Academic Title: PhD
First Name: Ciro
Last Name: Menale
Academic Degree: Biotechnology
Member Since: May 2018
Institution: Department of Clinical Medicine and Surgery, University of Naples "Federico II"
Ciro Menale graduated in Molecular and Industrial Biotechnology at University of Naples “Federico II” in 2010, working in the field of Enzyme Biotechnology. Ciro received his PhD in Biomedical and Biotechnological Science – “Food and Health” at University of Campania “Luigi Vanvitelli” in 2013, in Naples, Italy. During his PhD he was focused on gene expression regulation of the adipose tissue in pathological conditions, and he deepened his studies in murine models at YALE University School of Medicine, working on hypothalamic regulation of glucose homeostasis and whole body energy balance. In that context he started to be familiar also with immunology. In parallel he was interested in nanotechnology for cancer treatment.
As a PostDoc he moved to the bone field. His research was mainly focused on bone marrow mesenchymal stromal cells (MSC) and iPSC-derived MSC Transplantation by exploiting 3D culture models as novel approach for RANKL-dependent Osteopetrosis. At the same time, taking advantage of the osteopetrotic Rankl-/- mouse model, he contributed to investigate a novel anabolic role of RANKL in bone. Ciro also investigated the interaction of bone and immune cells focusing on bone loss and immune system defects driven by oxidative stress in bone cells. Today he is RTD at University of Naples "Federico II", Italy, working on bone cell metabolism, glucose and energy balance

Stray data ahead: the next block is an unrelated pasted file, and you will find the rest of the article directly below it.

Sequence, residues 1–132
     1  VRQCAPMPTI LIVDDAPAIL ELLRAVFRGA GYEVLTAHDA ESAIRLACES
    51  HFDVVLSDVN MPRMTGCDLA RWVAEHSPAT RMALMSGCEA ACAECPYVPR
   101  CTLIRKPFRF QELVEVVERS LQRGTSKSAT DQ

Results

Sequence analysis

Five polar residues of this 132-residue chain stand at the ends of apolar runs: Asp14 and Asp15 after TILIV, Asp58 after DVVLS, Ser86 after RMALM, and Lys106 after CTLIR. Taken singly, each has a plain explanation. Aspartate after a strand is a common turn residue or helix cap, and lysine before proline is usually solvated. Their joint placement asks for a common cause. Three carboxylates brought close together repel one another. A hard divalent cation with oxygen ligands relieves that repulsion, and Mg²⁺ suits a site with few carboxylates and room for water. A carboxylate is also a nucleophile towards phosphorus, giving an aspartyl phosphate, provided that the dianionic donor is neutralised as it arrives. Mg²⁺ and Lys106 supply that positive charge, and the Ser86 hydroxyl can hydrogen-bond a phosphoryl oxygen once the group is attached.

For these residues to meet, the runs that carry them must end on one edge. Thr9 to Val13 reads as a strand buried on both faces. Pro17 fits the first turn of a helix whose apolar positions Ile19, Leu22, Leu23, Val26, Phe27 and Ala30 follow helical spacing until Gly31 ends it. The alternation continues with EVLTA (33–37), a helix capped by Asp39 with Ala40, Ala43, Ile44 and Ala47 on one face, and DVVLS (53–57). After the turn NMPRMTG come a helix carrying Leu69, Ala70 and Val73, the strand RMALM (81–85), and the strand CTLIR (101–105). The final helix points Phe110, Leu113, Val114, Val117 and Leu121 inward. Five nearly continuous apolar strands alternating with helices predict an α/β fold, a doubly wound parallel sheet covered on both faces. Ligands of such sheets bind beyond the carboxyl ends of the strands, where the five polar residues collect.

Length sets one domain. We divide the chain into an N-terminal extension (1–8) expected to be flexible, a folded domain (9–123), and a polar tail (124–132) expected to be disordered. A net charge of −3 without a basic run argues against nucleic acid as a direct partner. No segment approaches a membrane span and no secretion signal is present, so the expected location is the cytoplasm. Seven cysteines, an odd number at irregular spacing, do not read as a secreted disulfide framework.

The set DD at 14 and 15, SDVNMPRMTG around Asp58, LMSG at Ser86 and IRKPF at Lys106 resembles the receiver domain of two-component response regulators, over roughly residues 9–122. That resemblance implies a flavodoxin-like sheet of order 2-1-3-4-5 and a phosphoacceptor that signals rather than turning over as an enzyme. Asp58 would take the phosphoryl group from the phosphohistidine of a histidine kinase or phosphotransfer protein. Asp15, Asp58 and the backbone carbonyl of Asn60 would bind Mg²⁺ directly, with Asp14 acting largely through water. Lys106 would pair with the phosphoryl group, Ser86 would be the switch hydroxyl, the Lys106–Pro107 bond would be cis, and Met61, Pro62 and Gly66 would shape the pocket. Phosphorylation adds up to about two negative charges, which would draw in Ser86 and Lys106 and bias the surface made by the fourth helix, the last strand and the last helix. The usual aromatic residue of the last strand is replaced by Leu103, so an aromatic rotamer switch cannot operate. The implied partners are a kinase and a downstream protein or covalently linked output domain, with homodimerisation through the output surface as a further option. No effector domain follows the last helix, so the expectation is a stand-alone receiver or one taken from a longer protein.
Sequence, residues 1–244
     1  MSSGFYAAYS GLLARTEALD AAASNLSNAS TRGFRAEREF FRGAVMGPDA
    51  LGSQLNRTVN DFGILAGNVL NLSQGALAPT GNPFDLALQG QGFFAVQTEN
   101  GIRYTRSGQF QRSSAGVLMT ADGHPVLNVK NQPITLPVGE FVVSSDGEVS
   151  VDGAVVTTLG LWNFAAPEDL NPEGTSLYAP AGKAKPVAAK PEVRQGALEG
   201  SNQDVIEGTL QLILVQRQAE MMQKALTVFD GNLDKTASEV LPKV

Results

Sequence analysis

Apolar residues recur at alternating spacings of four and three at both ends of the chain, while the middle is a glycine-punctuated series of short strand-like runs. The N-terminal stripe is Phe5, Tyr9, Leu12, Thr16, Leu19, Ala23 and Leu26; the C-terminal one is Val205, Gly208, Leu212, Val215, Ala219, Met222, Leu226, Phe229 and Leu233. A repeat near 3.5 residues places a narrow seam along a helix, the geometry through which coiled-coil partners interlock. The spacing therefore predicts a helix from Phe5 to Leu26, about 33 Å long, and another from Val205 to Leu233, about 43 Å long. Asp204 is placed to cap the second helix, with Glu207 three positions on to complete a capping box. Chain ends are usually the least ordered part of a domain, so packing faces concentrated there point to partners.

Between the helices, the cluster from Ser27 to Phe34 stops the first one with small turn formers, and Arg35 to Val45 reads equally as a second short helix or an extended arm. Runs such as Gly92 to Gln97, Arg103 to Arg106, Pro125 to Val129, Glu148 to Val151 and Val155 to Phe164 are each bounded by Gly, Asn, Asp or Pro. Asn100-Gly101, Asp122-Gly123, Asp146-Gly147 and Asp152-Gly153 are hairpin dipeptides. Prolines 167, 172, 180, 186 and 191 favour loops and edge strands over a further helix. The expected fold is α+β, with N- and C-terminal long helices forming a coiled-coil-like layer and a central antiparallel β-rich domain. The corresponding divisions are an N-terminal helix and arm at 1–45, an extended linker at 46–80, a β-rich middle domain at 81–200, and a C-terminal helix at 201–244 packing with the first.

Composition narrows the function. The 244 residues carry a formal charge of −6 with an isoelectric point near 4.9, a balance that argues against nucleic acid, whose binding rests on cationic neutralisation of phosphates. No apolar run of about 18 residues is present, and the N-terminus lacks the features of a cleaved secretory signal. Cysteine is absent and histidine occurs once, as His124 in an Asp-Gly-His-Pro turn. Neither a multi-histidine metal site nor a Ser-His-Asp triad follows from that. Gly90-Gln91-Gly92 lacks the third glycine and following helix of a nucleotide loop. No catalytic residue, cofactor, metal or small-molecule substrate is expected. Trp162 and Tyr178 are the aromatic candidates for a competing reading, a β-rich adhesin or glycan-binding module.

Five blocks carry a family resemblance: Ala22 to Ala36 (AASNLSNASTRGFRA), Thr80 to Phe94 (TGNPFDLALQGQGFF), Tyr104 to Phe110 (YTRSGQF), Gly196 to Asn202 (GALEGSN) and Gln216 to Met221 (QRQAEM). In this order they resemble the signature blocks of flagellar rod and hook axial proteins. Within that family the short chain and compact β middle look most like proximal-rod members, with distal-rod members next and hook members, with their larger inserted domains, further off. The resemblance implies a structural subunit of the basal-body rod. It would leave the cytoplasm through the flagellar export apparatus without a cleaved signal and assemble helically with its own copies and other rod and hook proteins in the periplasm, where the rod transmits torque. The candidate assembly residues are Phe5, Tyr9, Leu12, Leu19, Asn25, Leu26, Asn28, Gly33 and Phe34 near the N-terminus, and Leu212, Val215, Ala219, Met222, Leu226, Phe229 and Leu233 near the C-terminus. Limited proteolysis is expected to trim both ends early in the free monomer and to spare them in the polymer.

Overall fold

List of 5 Best Publications
- Absence of Dipeptidyl Peptidase 3 increases oxidative stress and causes bone losshttps://www.ncbi.nlm.nih.gov/pubmed/31295380
- 3D Bone Biomimetic Scaffolds for Basic and Translational Studies with Mesenchymal Stem Cells. https://www.ncbi.nlm.nih.gov/pubmed/30322134
- Mesenchymal Stromal Cell-Seeded Biomimetic Scaffolds as a Factory of Soluble RANKL in Rankl-Deficient Osteopetrosis.https://www.ncbi.nlm.nih.gov/pubmed/30184340
- Soluble Factors on Stage to Direct Mesenchymal Stem Cells Fate.https://www.ncbi.nlm.nih.gov/pubmed/28567372
- Murine Rankl-/- Mesenchymal Stromal Cells Display an Osteogenic Differentiation Defect Improved by a RANKL-Expressing Lentiviral Vector.https://www.ncbi.nlm.nih.gov/pubmed/28100034